Oh no! I thought, when I got this one out of its jiffy bag. Can it possibly be true? Perhaps the lavish praise I’ve been heaping on CCS of late has gone to their heads! Maybe they have taken on a new marketing manager (horror of horrors) to actually start getting their stuff into shops and weird things like that. The reason I’m wondering about all this is because Arnhem, the latest from CCS, comes in a big box — in fact the same size vinyl pack as Alien by Argus (here’s a possibility for you, boys) with a full-colour painted cover and a sixteen-page booklet with a fold-out map of the playing area.
The cover picture is a little bit dodgy, but the overall effect of the packaging is very impressive. No more inlay cards that fold out eighteen times! No more miniscule print! Eee, luxury.
The program is pretty good, too. You know how I was always moaning about coordinate-controlled movement? Well, they’ve finally got rid of it, and bought in cursor control. The game is very slick, as strategy games go; for example, as you finish doing what you want with one unit, you are moved on immediately to the next eligible unit. You don’t actually have to do anything with the unit — if you don’t want to, there’s a ‘pass’ feature — but it’s a nice touch, not having to do all the donkey work in between moves.
There are five scenarios, increasing in difficulty and length (in playing turns) from seven turns (which takes about an hour) to 26 turns (which apparently takes eight to ten hours)! The scenarios progress through the physical playing area, which is a long thin strip, roughly 30 x 100 units, with the first (easiest) being the approach to Eindhoven, the fourth being the assault on Nijonegen and Arnhem, and the fifth being all four previous scenarios rolled into one. The object of each scenario is quite specific; in the first you have to clear the main road to Eindhoven of Huns, and if you don’t succeed in doing this you lose, even if you’ve wiped out the vast majority of the Krauts in trying. The other objectives tend to be fairly similar, capturing bridges and so on.
When you start playing the game you are presented with a fairly large (20 x 20) map window, an identification of which unit is to go, and a menu of options for that unit. The units are represented on the map as squares with symbols in them. Each unit initially covers an area 2 x 2, but it can be put into a component mode, which gives faster travelling, but makes the unit more vulnerable to attack. ‘Compacted’ units cover only one map square. The map graphics are remarkably clear and effective,and although there is no specific command to search the whole map area, it is possible to survey quite a bit of it by using the ‘travel’ command (a sort of automatic movement order — you can use it to set a piece moving in a given direction, and it’ll carry on until you tell it to stop).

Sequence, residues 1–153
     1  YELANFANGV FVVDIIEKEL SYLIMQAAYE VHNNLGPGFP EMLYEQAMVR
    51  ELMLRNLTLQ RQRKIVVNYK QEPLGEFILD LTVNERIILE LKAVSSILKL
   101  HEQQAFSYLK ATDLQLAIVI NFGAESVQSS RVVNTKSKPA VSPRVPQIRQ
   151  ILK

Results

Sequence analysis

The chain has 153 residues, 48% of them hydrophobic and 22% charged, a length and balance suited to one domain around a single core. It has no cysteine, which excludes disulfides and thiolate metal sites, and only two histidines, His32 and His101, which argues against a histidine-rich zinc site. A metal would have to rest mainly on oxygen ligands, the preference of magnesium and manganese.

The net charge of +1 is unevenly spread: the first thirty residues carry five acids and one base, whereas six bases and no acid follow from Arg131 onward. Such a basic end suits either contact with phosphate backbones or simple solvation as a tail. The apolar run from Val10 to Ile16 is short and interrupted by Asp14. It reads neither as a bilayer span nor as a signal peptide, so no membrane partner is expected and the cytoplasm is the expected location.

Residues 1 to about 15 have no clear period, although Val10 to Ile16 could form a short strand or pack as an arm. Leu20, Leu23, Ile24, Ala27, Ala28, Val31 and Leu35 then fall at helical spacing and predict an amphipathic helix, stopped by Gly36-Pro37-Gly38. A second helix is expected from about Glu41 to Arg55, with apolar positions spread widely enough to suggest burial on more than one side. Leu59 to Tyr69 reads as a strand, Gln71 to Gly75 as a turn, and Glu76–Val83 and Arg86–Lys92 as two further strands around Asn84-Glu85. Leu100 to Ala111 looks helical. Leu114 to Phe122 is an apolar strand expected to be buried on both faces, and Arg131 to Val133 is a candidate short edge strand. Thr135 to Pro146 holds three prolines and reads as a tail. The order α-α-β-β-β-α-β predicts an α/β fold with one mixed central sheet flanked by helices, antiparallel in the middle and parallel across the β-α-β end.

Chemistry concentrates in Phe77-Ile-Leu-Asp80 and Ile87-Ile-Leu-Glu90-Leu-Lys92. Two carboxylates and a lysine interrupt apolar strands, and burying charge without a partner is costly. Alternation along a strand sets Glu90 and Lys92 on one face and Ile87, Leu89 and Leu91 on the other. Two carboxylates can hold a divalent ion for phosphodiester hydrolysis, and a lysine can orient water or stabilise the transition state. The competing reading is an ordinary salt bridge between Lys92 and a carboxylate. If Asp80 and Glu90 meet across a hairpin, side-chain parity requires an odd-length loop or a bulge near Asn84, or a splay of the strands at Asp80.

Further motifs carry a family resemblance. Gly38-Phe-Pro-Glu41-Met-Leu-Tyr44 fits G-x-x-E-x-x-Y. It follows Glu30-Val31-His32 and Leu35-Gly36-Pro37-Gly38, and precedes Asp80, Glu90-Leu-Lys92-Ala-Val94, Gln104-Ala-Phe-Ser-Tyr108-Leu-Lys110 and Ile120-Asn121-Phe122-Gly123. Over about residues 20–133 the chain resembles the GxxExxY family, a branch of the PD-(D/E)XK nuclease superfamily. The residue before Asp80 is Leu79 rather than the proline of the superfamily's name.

There are fifteen types of unit, ranging from tanks to gliders; depending on the type of unit, the menu of options available will change slightly — eg, artillery units can ‘bombard’ over a certain range, while all other units can only attack when adjacent to an enemy unit. Units can also ‘dig in’ which gives them a virtually impregnable defence position — a favourite trick of the Huns is to dig in on one side of a bridge, so you can’t get across.
It is clear that a lot of thought has gone into programming the computer intelligence here, since I’ve not been able to even get to Eindhoven yet — perhaps it’s just lack of thought gone into programming my intelligence! There are quite a few different terrain types, and the map presentation is very pleasing — especially the ‘black and white’ mode, which is handy because it means I can play it in bed (well, Radio Rentals finally sent the bailiffs round for the colour telly).
The game has a save facility, which is obviously vital if it takes eight hours to play — I mean, can you imagine it? It must be like reading the entire Mills & Boon library in one fell swoop! Not being a gentleman of leisure (like Mr Brewster) I haven’t had the time to get into the long game, but a friend of mine who has says it isn’t worth it — he got snuffed at about seven and three quarter hours, after holding Arnhem bridge for a week. All in all, this is a very confident, competent and realistic historic simulation from CCS — Monty would be proud of them.
Overall verdict: CCS pass the Bailey bridge stage at last. Best World War II game this year.